By Restb.ai on Feb 20, 2018 3:00:00 PM
Opportunities for PropTech Disruption
Since the Great Recession of 2008 the value of the real estate market globally has been growing in leaps and bounds. JLL, the global real estate company, estimated in a research report that total real estate transaction volumes would reach US$1 trillion by 2020, up from US$700 billion in 2015. The size and growth of the real estate market provide tremendous opportunities for technology to change the way people find homes and the how professionals in the trade work.
PropTech - the umbrella term for all the technologies meant to support the real estate property sector - intends to change the way "developers, buyers, sellers, renters, investors, and real estate professionals design, construct, market, discover, transact and operate real estate".
The primary intent and implication of digital technology in real estate is the same as a FinTech (financial technology) concept known as disintermediation; that is, cutting out the middlemen and inefficiencies in transactions. Like Uber or Airbnb, PropTech companies seek to make services cheaper and more convenient for consumers. They do this by creating technologies that satisfy consumer needs that agents and mortgage brokers, for instance, have left unmet.
The Real Estate Magazine of Union Investment cites in an article that companies invested US$1.8 billion in PropTech worldwide during the first half of 2016, an increase of 85 percent year-on-year. Sixty percent of the PropTech investment was in the United States, followed by the United Kingdom, India, and Germany.
The researchers also discovered that nearly 20 percent of the property firms surveyed admitted that they do not use any digital technologies in their businesses. The number implies that even the most basic PropTech - such as Customer Relationship Management (CRM) software - through to the most sophisticated Artificial Intelligence-driven websites still have a great deal of growth opportunity.
Startups Disrupting Real Estate
One of the most difficult decisions people encounter is to decide where to live. A tech startup called OneDome has developed a tool that allows users to consider an area based on data from multiple sources. A.I. crunches information about education quality, crime rates, lifestyle and over 150 other categories to enable customers to compare areas with some confidence. TLCengine uses A.I. and big data to calculate the real cost of living in an area. Calculations take into account such expenses as local taxes, utilities, commuting, and more. Other tech companies focus on facilitating home purchases.
Since 2013, Hamburg-based start-up Maklaro has sought to support buyers end-to-end without charge. The centerpiece of its service is an online bidding platform. Maklaro claims its technology provides sales prices 25 percent higher than normal returns. However, there is an essential part of the real estate sales transaction Maklaro does not address: verifying property rights.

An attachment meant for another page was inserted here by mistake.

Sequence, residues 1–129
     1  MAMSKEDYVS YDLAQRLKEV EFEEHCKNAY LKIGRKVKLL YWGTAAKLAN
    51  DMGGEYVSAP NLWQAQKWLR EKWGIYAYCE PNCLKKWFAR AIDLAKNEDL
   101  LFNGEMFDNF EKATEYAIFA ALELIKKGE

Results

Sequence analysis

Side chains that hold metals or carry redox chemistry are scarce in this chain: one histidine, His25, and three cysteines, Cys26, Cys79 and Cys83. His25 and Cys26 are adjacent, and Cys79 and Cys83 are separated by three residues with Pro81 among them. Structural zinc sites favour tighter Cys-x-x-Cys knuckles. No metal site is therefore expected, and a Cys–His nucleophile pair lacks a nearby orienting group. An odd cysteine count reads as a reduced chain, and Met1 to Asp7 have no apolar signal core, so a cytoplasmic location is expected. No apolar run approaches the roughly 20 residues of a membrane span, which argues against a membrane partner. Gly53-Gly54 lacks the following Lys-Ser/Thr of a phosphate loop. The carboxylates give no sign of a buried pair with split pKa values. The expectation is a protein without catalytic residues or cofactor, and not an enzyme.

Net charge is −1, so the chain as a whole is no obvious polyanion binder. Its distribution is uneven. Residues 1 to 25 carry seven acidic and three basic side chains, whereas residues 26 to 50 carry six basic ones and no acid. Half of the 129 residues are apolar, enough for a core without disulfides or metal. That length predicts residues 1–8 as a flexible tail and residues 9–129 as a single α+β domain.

Sometimes the due diligence and risk assessment parts of property transactions can delay purchases for weeks because of incomplete information about properties. Orbital Witness uses satellite imagery and A.I. with property, land, and ownership data to assist lawyers in the real estate due diligence process. A.I. is also helping to reduce risks associated with property management.
U.K.-based GetRentr uses A.I. to reduce the regulatory risks involved in managing properties throughout Britain. The software monitors property portfolios to help ensure landlords are in compliance with local regulations. AskPorter is an A.I. chatbot for facilities management. The company claims its messaging platform reduces the costs of administration and management while improving customer satisfaction with maintenance and repair requests. Applications for A.I. in real estate do not end there, however.
Barcelona’s Restb.ai computer vision service helps agencies curate and unlock value from the thousands of property images on their websites. Computer vision is a branch of A.I. involving the recognition, tagging, categorization, and description of the features and settings in property photos. The software makes customer searches for a place to live faster, easier, and more accurate. A.I., however, is not the only leading-edge game in town.
Virtual Reality (VR) and Augmented Reality (AR) are making their presence felt in the real estate sphere.
Buyers can take an interactive tour online that enables them to view an entire property in real time without ever leaving their computer. VR and AR are also taking hold in interior design.
Real estate agencies can use platforms like Immoviewer, GeoCV or Realisti.co to provide customers with virtual tours of properties. Interior designers and architects are using Wooba's VR app and goggles to envision how their plans may look. The Singaporean company does this by assembling 2D and 3D representations through which participants can "walk" to consider new designs.
Humans Remain in the Value Chain
Despite the introduction of so many new technologies into the real estate sector, 85 percent of realtors surveyed in Germany do not believe PropTech threatens their business model. Most see their businesses benefiting professionals and improving their businesses.
Though the new technologies may atomize some traditional roles in the property arena, real estate is still a human endeavor. PropTech may replace a fair number of mundane tasks and relieve the bottlenecks in transactions. Then, professionals will be freer than ever before to achieve what they want to do: make their customers happy.